Canadian Trade Minister Warns WTO Protestors Against Disrupting Talks Over Generic Drug Access
Protestors who are planning to disrupt this week's World Trade Organization meeting in Montreal could be blocking progress on issues such as improving access to antiretroviral drugs for HIV-positive people in developing countries, Pierre Pettigrew, Canada's international trade minister, said on Friday, the Montreal Gazette reports. Trade ministers from 26 countries -- representing 70% of the world's population -- yesterday began an informal three-day meeting to discuss the Doha development agenda, according to the Gazette (Alcoba, Montreal Gazette, 7/26). WTO talks over generic drug access have been stalled since members missed a Dec. 31, 2002, deadline to reach an agreement. U.S. negotiators in February refused to sign a deal under the Doha declaration to allow developing nations to override patent protections to produce or import generic versions of drugs to combat public health epidemics, including HIV/AIDS, unless wording was included to specify which diseases constitute a public health epidemic. The United States said that without such a list developing nations could use patent overrides to produce generic versions of any patented drug, including drugs that are not used to fight public health epidemics. However, the United States last month made a concession by dropping its demand that the agreement apply only to a specified list of diseases (Kaiser Daily HIV/AIDS Report, 7/2). While no decisions will be made during the Montreal meeting, Pettigrew said that the ministers plan to "weed out the issues" ahead of the September WTO meeting in Cancun, Mexico (Montreal Gazette, 7/26).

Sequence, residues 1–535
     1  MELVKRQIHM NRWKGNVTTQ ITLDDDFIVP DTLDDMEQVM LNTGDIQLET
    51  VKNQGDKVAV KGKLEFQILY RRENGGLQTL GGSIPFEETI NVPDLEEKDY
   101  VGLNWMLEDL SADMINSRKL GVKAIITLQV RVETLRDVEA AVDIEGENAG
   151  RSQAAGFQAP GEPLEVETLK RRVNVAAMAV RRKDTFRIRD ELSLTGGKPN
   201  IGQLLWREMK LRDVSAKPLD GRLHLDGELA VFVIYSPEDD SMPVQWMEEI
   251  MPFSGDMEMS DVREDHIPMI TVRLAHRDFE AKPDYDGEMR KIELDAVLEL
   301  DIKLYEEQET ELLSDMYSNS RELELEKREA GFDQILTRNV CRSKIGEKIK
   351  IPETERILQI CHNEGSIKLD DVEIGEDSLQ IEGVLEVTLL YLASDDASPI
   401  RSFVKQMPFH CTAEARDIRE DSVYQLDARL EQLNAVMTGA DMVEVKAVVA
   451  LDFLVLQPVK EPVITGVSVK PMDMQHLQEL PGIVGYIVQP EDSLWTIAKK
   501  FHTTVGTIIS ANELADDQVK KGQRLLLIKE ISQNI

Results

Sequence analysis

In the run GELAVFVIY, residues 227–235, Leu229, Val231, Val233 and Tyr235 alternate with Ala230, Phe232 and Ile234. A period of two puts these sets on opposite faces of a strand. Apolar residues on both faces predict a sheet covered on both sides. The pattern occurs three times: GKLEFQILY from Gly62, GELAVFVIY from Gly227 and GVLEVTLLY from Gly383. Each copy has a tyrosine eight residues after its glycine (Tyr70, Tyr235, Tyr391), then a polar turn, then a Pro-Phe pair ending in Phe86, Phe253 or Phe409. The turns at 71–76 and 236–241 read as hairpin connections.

Despite Pettigrew's warning, approximately 1,000 people engaged in protest marches, demonstrations and street parties on Sunday, and similar protests are expected to continue through Wednesday (Picard, Globe and Mail, 7/27). Pettigrew on Friday said, "If they want to stop us, fine, good luck. But they should bear the responsibility that what they're really trying to do is screw ... the African HIV victims" (Montreal Gazette, 7/26). Protestors at the meeting "reacted angrily" to the minister's statements, according to CanWest/Calgary Herald. Ken Georgetti, president of the Canadian Labour Congress, said, "The minister has been involved in this process for a long time and the results in getting medicine to people with AIDS ... have been absolutely zero." Georgetti said that the protestors are not trying to impede the WTO's attempts to improve access to life-saving drugs. He added, "Mr. Pettigrew knows this full well. The protestors have no faith in the process and the methods the Canadian government has employed" (Jack, CanWest/Calgary Herald, 7/26).